Some people say they’re too busy to make friends outside the office, too busy to date, too busy to sleep or have sex and too busy for downtime. In recent years being busy has become a status symbol.
I have written before about how in our world productivity is a virtue and relaxation is considered an inefficient waste of time. But leisure does not equal idleness. Leisure time is important for our well-being, self-development and overall happiness.
You know those people that look like they have 34 hours a day? those people that accomplish so much, who runs marathons and volunteer and actually has hobbies while maintaining a job and family life? While you haven’t read a book in years or still have a pile of unfolded laundry on the couch? Ugh. I know…
Let me tell you a little secret, we all have the same amount of time (Shhh… don’t tell anybody). We can’t make more time but we can manage our time so we’ll have more time for leisure, ourselves and what’s important for us.
I read this survey once that talked about people complaining about not having free time, the same people reported watching over 10 hours of reality TV per week. I get it, there is nothing like a good episode of the Kardashians to clear your mind from a hectic day at work. Nonetheless, we need to be minded about how we spend our time (That’s even before I started talking about social media right?). TV is a short-term satisfaction but it won’t make you happy for long.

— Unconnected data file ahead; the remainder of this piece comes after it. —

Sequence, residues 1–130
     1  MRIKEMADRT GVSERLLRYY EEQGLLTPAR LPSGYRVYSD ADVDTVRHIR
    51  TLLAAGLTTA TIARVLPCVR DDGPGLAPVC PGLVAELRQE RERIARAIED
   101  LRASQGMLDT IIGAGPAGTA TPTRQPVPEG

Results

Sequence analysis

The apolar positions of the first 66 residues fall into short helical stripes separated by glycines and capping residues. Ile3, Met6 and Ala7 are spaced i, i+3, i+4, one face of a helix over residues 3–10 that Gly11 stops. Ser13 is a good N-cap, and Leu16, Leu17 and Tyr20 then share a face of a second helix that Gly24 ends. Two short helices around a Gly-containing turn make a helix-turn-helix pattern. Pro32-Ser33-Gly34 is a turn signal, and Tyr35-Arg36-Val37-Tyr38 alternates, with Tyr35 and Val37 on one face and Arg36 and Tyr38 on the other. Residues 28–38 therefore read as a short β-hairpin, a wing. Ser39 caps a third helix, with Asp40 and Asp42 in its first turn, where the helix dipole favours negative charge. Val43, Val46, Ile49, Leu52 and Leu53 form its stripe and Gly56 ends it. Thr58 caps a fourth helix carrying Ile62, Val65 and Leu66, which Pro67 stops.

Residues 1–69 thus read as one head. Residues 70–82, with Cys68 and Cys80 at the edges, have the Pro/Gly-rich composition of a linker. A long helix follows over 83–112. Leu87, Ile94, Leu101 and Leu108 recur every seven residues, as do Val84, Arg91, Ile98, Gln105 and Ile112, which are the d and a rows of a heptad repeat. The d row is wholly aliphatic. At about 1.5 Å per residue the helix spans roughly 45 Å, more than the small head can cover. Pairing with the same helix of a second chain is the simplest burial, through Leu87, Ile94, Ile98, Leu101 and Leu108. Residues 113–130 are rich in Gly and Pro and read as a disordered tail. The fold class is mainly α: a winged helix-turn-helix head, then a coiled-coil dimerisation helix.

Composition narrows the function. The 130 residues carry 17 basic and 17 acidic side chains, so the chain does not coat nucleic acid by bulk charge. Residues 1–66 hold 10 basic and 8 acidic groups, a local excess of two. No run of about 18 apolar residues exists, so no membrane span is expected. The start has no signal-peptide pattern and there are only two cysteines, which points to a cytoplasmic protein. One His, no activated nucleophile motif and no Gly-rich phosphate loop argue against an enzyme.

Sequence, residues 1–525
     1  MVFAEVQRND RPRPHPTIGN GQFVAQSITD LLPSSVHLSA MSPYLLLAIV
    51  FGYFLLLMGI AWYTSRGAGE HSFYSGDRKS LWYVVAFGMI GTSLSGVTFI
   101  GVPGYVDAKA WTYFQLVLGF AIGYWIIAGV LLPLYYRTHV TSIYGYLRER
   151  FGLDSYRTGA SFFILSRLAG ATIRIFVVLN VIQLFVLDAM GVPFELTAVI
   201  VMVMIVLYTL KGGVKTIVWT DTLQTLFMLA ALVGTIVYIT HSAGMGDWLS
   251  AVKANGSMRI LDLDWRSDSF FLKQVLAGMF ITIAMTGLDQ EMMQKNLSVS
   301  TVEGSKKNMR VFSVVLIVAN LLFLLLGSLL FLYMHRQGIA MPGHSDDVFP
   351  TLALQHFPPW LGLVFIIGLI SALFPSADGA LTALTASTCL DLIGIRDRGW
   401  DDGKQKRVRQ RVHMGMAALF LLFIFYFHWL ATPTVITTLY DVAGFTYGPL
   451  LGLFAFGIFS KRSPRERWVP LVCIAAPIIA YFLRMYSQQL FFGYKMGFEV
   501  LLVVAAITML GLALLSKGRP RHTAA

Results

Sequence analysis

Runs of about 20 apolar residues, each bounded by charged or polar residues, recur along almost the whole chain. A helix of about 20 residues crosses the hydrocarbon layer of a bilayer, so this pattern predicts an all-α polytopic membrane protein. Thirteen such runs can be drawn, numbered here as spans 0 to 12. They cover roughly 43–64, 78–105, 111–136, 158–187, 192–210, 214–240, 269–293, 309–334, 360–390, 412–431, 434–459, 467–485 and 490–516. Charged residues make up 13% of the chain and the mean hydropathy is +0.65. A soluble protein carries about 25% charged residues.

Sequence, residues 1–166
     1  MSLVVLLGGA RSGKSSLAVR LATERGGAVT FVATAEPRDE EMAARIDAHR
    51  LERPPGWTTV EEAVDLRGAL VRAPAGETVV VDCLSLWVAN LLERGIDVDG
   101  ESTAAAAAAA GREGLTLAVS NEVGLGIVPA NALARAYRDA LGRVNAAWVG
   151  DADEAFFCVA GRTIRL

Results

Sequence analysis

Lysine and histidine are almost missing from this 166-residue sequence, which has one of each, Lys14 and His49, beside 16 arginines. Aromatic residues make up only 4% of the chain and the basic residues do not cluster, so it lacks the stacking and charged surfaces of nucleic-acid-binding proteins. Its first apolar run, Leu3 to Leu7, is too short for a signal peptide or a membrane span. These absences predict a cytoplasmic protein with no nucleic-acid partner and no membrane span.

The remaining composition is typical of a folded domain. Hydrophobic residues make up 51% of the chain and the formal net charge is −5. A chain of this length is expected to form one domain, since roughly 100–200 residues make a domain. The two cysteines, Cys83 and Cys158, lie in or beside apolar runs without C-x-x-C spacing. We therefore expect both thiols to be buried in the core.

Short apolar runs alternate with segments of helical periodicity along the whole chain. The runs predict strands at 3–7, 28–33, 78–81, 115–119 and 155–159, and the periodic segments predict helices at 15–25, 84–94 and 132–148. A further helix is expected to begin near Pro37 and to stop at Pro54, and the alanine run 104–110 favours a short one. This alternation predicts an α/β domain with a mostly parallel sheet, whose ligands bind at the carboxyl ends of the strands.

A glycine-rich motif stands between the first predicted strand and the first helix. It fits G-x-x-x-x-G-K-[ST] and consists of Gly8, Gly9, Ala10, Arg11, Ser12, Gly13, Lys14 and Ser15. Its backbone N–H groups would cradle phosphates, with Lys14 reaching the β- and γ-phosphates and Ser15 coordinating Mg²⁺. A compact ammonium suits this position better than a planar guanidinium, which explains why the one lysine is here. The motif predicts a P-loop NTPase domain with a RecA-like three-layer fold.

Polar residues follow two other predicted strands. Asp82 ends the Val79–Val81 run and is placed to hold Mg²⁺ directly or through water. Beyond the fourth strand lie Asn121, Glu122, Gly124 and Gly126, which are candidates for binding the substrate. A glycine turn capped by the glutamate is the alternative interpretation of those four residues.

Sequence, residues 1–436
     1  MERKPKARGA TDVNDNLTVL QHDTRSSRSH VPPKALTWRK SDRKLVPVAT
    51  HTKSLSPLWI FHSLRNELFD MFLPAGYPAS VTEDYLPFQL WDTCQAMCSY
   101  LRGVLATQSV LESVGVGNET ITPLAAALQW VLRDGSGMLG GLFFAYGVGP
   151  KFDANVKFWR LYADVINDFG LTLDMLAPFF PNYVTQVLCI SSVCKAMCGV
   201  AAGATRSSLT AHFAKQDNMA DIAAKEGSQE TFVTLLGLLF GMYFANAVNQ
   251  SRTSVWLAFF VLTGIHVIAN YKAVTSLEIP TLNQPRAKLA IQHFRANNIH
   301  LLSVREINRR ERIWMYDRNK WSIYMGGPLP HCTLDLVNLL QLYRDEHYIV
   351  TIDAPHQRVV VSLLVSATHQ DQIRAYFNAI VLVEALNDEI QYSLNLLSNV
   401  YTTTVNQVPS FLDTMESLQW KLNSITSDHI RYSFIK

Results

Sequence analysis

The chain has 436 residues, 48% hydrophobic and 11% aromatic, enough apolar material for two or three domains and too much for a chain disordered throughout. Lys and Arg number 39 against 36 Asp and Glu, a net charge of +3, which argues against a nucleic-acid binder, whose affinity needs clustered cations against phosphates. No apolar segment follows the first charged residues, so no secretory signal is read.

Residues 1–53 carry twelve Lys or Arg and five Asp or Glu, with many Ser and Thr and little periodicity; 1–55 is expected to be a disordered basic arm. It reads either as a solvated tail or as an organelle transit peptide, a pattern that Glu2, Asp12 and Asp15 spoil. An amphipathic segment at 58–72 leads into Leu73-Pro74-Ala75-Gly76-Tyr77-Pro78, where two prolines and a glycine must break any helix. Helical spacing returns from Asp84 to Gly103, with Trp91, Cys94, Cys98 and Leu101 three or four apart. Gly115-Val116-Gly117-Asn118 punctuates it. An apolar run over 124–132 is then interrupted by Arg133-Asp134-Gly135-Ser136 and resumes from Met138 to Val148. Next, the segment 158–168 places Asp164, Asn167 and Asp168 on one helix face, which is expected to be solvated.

First of all, deiced what leisure activities will make you happy and set leisure goals. Yes, I know… It’s weird to think of leisure as something we need to plan or accomplish for but we have to take our leisure seriously in order for it to make us happy.
Take the time and write down all the things you enjoy doing or all the things that were on your “if I only had time list”. Then choose 2-3 things to start from. If you have a set goal you’ll be more motivated to make time for it. It could be anything from writing a book, learning a language, getting back in shape or spending more time with loved ones.
As I said, we only have 24 hours a day. So we can’t actually do it ALL. We have to decide what matter to us personally and make it a priority over other things. “All tasks and goals are not equal in immediacy, even if they are all important to us. Many people end up feeling like they don’t have time for it all because they are letting busywork take precedence over more important items” says psychotherapist and coach Cathey Stamps.